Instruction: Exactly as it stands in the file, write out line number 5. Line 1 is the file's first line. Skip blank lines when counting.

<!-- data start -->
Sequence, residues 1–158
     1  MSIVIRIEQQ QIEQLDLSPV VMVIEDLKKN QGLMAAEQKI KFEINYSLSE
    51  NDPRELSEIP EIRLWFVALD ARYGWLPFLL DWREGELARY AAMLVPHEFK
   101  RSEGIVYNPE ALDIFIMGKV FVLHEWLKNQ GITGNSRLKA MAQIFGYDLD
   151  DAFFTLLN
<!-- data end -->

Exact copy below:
   151  DAFFTLLN